Has a GPS navigation system ever guided you to a nonexistent street or led you in circles when you’re just trying to find the nearest coffee shop?
Changing weather phenomena at the edge of Earth’s atmosphere routinely scramble invisible radio communications, and are one major cause of dropped signals and other GPS miscommunications.
The problem often is the result of broiling gas bubbles, wind and flares emanating from the sun and can be especially disruptive to maritime shipping, defense communications and aviation navigation.
But scientists are working to deliver notifications of such service interruptions well before they occur.
This week, NASA gave Aerospace Corp. engineers in El Segundo a contract to develop a sensor that can predict space-weather obstructions up to 24 hours ahead.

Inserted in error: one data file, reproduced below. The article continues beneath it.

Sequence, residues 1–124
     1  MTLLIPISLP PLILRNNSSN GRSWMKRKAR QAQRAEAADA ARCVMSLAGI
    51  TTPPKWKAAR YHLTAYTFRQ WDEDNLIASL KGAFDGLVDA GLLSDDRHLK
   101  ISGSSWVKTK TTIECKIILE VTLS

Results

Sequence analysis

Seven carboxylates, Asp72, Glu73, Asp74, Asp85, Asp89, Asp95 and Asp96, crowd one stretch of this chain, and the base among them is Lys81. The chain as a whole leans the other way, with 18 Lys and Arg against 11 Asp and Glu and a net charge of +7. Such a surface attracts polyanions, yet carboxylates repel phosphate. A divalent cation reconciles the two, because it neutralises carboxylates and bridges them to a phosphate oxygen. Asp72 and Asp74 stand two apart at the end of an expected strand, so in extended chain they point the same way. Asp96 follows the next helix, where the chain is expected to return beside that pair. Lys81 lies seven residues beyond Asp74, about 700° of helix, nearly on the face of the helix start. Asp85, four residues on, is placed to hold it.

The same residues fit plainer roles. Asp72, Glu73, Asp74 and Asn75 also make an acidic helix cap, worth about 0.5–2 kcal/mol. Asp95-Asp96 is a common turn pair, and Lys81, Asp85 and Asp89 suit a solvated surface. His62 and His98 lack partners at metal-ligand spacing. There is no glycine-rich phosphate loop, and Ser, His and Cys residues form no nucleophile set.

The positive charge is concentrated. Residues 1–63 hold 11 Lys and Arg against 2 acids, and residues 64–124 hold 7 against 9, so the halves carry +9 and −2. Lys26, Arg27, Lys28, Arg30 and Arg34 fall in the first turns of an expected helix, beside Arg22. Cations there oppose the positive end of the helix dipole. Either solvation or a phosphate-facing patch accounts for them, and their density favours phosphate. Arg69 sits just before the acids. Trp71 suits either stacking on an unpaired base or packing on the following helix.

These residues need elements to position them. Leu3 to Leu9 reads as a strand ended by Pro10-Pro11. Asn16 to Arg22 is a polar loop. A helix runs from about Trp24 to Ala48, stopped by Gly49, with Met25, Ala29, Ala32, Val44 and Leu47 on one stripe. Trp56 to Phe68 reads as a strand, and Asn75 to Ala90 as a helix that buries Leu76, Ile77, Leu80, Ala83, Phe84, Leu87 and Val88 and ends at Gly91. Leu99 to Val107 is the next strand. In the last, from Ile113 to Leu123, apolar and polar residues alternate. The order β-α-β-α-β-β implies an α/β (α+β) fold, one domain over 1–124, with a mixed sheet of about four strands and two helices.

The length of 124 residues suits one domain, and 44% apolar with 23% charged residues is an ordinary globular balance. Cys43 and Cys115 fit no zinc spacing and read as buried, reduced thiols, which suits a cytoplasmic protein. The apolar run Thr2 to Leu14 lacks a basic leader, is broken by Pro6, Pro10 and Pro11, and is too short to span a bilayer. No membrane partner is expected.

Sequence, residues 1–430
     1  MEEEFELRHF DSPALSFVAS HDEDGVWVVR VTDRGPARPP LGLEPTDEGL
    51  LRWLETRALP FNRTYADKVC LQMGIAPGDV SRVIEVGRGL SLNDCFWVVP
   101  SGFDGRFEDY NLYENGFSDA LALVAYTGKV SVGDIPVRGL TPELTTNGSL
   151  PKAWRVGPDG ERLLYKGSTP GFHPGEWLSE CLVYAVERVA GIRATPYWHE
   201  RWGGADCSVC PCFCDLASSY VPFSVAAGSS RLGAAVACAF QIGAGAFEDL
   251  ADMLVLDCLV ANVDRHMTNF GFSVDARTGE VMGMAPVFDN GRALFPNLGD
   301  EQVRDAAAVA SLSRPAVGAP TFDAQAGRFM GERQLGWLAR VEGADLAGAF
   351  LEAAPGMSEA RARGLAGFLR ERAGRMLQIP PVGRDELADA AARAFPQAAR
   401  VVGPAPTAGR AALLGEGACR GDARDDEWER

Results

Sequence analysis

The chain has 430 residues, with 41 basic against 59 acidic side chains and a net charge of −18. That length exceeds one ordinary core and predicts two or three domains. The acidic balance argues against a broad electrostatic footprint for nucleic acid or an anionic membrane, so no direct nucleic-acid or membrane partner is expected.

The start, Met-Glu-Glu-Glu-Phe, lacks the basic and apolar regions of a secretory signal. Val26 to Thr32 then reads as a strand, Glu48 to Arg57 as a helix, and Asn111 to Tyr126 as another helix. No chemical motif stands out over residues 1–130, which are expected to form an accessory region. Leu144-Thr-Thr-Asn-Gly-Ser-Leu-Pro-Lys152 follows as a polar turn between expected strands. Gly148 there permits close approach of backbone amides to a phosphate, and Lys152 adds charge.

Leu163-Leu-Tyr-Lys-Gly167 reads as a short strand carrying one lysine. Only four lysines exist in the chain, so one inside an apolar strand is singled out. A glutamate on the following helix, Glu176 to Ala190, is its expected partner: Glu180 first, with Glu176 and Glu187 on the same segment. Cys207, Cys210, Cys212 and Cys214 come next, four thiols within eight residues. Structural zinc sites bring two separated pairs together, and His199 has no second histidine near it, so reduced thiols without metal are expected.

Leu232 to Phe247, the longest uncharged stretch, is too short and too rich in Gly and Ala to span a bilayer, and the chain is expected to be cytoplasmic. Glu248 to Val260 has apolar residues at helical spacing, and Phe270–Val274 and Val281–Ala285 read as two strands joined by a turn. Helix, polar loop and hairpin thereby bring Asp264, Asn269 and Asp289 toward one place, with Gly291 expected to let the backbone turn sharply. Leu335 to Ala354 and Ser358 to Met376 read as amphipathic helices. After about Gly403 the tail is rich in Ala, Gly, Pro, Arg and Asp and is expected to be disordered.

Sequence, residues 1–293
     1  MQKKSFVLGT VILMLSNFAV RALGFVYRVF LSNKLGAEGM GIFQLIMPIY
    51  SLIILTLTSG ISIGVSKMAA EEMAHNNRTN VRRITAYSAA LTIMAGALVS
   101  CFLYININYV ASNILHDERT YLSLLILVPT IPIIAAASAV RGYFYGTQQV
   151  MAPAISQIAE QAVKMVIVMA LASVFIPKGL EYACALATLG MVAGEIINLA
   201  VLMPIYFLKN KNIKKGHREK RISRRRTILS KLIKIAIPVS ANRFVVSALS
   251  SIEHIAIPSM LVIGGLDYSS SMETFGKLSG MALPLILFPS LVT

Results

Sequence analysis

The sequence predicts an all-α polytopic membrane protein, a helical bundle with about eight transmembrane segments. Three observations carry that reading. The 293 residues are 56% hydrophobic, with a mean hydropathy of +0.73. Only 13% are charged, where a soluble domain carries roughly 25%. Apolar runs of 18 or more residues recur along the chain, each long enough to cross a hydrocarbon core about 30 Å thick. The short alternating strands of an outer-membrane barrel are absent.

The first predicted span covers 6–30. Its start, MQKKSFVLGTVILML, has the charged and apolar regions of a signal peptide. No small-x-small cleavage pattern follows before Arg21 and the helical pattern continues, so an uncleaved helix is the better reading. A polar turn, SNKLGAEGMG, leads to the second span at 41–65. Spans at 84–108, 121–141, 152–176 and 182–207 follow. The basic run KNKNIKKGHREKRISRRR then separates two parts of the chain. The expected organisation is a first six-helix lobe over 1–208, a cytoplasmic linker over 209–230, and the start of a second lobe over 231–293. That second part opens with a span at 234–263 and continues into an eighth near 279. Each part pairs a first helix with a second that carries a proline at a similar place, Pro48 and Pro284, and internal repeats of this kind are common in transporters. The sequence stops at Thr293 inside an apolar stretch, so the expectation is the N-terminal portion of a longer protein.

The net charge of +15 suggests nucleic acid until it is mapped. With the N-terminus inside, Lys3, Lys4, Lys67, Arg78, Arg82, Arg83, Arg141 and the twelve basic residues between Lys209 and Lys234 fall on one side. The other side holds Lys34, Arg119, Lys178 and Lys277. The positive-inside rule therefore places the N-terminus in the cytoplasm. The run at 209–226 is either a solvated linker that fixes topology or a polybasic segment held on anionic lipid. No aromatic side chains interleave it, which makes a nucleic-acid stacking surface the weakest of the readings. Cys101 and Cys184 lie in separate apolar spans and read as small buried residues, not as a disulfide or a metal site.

“We can’t stop (the disturbance that causes the problem) from occurring,” said Rebecca Bishop, the research scientist leading The Aerospace Corp. project. “What we can do is understand the conditions that lead up to it and forecast it.”
The nonprofit research-and-development company will engineer the new technology in partnership with NASA’s Marshall and Goddard Space Flight centers, and Brazilian researchers.
Once the equipment is built, it will be sent to the International Space Station for testing.
The project, called the Scintillation Prediction Observations Research Task, or SPORT, is among the latest scientific advances bolstered by the increasing miniaturization of technologies like those found on smartphones.
It focuses on the explosive solar-generated weather that disturbs electrically…
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